Five Myths of Mindfulness Meditation – by Janet Sandman

With the unfamiliar and untried, sometimes we need to hear what something is NOT before we can be open to hearing what it actually is.  This can be true for the word meditation.  It can sort of freak people out or be a bit intimidating.  My mission here is to debunk some common misconceptions surrounding mindfulness meditation.  Hint:  It’s definitely not about rainbows and unicorns.

Myth #1:  Meditation will make me too relaxed to be at the top of my game.

Often, as we move through our work and life responsibilities, we are tense and stressed, believing that being hyped up is the only way to stay sharp and get things done.  Actually, this way of operating is not physically or mentally sustainable.  The effects of stress can eventually lessen your ability to concentrate or make good decisions.  With meditation, you will not become lazy or lose your edge.  Instead, you will be able to access more energy and be clearer, more relaxed, and aware of the bigger picture.  Pretty cool to be able to do less and accomplish more!

Myth #2:  Meditation requires me to stop thinking and I can’t do that.

It is the nature of the mind to think, just as it is the nature of the eyes to see and the ears to hear.  Despite what you may have heard, meditation is not about “clearing the mind”.  During meditation, it is natural for the mind to wander to thoughts about the past or future.  It is not a big deal.  You simply notice when this happens and return to the focus of your meditation, often the sensation of your breath.  With practice, the mind will naturally settle.  But bear in mind that thoughts will always be a part of meditation.  Again, not a big deal.

Myth #3:  Meditation requires too much time, and besides, I can relax watching TV.

If you’re being honest, most of us can find five minutes each day to meditate.  And five minutes is better than no minutes.  Meditation is much more than just a way to relax.  Think of meditation as the perfect way to reset your nervous system, release stress, and rejuvenate your mind and body.  It’s like a mini nap.  If you meditate for a short time every day (okay, almost every day), you will get way more benefits than sitting in front of the TV.  Do both if you want!  But make meditation the priority.  You deserve to live your best life!

Myth #4:  Meditation requires me to change my religion.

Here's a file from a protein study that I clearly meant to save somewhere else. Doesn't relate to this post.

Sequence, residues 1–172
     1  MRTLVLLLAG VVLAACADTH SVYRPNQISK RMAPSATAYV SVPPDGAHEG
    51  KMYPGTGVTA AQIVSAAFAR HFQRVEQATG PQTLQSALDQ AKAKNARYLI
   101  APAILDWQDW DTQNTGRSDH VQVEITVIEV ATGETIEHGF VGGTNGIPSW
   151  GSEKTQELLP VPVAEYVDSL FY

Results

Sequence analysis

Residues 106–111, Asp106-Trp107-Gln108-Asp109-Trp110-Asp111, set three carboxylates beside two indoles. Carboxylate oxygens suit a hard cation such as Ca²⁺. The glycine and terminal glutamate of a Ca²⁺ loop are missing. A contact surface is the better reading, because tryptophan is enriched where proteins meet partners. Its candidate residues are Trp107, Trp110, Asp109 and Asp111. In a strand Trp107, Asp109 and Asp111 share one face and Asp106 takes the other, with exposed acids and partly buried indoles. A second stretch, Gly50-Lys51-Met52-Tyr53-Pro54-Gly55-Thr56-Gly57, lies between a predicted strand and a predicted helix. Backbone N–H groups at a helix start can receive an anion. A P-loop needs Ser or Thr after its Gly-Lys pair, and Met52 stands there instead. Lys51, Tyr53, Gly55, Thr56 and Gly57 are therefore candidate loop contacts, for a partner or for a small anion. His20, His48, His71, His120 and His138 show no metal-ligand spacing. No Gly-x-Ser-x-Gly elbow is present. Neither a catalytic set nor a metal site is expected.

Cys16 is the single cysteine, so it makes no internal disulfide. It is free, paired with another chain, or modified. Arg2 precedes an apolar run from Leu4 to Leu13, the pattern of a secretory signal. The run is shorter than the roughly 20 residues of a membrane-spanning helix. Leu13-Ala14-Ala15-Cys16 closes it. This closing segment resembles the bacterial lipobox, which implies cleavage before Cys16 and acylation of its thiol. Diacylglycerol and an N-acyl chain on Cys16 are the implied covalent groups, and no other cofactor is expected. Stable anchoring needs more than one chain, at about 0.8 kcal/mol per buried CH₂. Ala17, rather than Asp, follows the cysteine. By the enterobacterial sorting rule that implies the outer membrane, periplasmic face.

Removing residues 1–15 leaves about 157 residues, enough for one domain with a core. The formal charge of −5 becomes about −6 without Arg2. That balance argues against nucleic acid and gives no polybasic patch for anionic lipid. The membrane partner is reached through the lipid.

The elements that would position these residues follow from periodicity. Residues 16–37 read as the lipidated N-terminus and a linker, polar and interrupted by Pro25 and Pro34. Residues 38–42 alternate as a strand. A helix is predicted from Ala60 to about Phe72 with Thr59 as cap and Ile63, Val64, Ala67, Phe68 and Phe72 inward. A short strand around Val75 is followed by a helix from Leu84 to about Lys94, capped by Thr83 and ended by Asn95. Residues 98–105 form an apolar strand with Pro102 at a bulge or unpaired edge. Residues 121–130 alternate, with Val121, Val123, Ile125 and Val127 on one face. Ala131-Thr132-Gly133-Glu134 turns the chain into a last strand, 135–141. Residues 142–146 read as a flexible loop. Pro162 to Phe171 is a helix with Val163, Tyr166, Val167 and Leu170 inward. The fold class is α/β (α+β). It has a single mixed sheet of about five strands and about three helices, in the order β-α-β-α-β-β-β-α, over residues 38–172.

Though mindfulness meditation techniques have their roots in Eastern religions and philosophies, meditation is a personal practice, not necessarily part of a religious practice.  Regardless of your background or beliefs, you can meditate.  Meditation is simply about closing your eyes, sitting still, and training your attention.  It gives your body an opportunity to release stress and helps you to reconnect with who you really are.

Myth #5:  Meditation is just a way to escape your problems.

It would be nice if this myth were true.  Escaping all your problems sounds pretty good, right?  But then we would be resisting reality, pushing away what we do not want to face and failing to see what is really going on in this moment.  To live fully and deeply, you need to be hereNow.  Mindfulness is all about being present with what is happening while it is happening.  Sounds easy, but there is more to it.  You are supposed to do this without judging the experience or needing it to be other than it is.  In other words, having the capacity to be in it while you are in it.  So, yes, this one takes some practice.  But it is so worth it.  Regardless of what is unfolding, it is already there in front of you, so you might as well see it for what it is (no sugarcoating) and get on with getting on.

Now that you know what mindfulness meditation is not, it is fair to ask, “Then what is it?”

Mindfulness meditation is basically a collection of techniques which, when practiced over time, can help settle the nervous system and train the brain to be more focused, engaged and less emotionally reactive.  And fortunately for skeptics, there is a boatload of research to back up some pretty incredible benefits for increased physical, mental, and emotional well-being.  New blog topic alert here!

A regular mindfulness meditation practice works to create a new normal, one in which you more easily adapt to stressful situations without getting so upset; in which you meet challenges with courage, clarity, strength, and grace; in which what you say and do are aligned with your core values; in which your relationships are nourished and nourishing; and in which who you are is not overshadowed by what you do for a living.

So, if you meditate, will you still get stressed?  Yes, you will still get stressed.  But you will recover more quickly and will not sweat the small stuff so much.

Resources:  McLean Meditation Institute, Simple Easy Every Day (SEED) Meditation Method


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